Here is a sampling of the reaction coming out of Madison to the news that the State of Wisconsin expects to see $575 million dollars more in tax revenues over the next three years:
Governor Scott Walker:
The projected $543 million surplus is good news for the people of Wisconsin. Our sound fiscal management means we can continue to invest in our priorities while protecting taxpayers.
The surplus and increased revenue projections should be invested in aid for our schools, lowering income taxes for middle-class families, holding the line on property taxes, and building our rainy day fund.
Wisconsin’s economy is growing, and our tough, but prudent, decisions mean we are better off than we were two years ago.
Assembly Speaker Robin Vos (R-Rochester):
Our budget reforms have paid off for the state. This will allow us to invest more in our top priorities: reducing taxes and reforming education. I look forward to working with my colleagues to expand our tax cuts and provide additional resources for K-12 education, as was ￼recommended by a committed group of Assembly Republicans.
Wisconsin has made sound budgetary reforms resulting in the surplus. We want taxpayers to know that we’ll stay true to our promise to them. We’ll continue to put them first when balancing the budget while holding the line on taxes.
State Senator Alberta Darling (R-River Hills), Co-Chair of the Joint Committee on Finance:
The much improved revenue numbers show our reforms are working and the state’s economy is improving. However, a good portion of the increased revenue is from one-time funding sources. We must continue to be good stewards of the taxpayer’s money and continue to carefully and responsibly craft the state budget.
It is my hope that we can look for ways to improve educational opportunities for our children, lower the tax burden on our citizens and businesses, and prevent a structural deficit.
Senate Democratic Leader Chris Larson (D-Milwaukee):
Today’s revenue estimate increase must be used to restore a portion of the $1.6 billion cut from our neighborhood, public schools in the last budget. While the additional $500 million only covers a portion of the largest cut to our public schools in Wisconsin’s history, it’s a significant improvement over the $0 increase per student that Governor Walker’s budget proposed.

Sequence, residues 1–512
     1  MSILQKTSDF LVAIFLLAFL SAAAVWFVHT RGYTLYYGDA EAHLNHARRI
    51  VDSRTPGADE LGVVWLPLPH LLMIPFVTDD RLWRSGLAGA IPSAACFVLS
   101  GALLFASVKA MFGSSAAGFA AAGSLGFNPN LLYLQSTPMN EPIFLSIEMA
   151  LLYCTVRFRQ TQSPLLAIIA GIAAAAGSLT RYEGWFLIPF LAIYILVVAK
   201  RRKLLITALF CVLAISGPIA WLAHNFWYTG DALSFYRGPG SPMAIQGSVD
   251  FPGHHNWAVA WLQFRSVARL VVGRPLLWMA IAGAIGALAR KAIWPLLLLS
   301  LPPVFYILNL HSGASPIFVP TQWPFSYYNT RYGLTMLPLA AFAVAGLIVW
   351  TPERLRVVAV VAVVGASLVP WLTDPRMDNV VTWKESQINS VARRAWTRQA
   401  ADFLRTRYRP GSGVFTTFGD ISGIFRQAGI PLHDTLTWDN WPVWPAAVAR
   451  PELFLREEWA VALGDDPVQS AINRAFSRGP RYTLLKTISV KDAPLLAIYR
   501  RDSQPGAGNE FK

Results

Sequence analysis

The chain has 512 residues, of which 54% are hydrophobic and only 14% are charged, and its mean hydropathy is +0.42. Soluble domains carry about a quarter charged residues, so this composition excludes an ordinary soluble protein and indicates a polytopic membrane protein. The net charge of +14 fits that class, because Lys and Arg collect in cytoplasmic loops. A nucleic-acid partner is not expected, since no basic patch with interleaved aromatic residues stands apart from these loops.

We must put the $500 million back into our neighborhood, public schools to provide future generations with the best education possible to compete in a 21st century economy.
Assembly Democratic Leader Peter Barca (D-Kenosha):
With new revenue projections, there can be no more excuses for the Republicans’ continued lack of funding for the education of our public school children and job training for our workers. Last budget Republicans cut public schools by $1.6 billion. With new revenue projections they can undo some of the damage they did to our public school classrooms and job training for our workers at our technical colleges and other vital training programs.
State Rep. Dean Kaufert (R-Neenah ):
The higher than expected revenue projections is another positive indication that economic activity and business creation is beginning to pick up and that Wisconsin is moving back in the right direction.
I urge the Finance Committee and the Legislature to use part of the increased revenue to eliminate the small structural deficit in the upcoming budget. With these new dollars available it would be difficult to support a final budget that does not use a portion of it to reduce the deficit and ensure our budget remains at a surplus.
State Senator Jennifer Shilling (D-La Crosse), member of the Joint Committee on Finance:
The new revenue projections show that our state will be able to start restoring the $1.6 billion in cuts that were made to our public schools in the last budget. By providing a $275 per pupil funding increase to our local schools, we can make needed investments in our children’s future and hold the line on property taxes.
Investing in worker training and improving accountability in our job creation programs must also be a top priority. Given our current ranking of 44th in job creation, we need to invest in worker training programs to close the skills gap and address the high rates of unemployment in our state.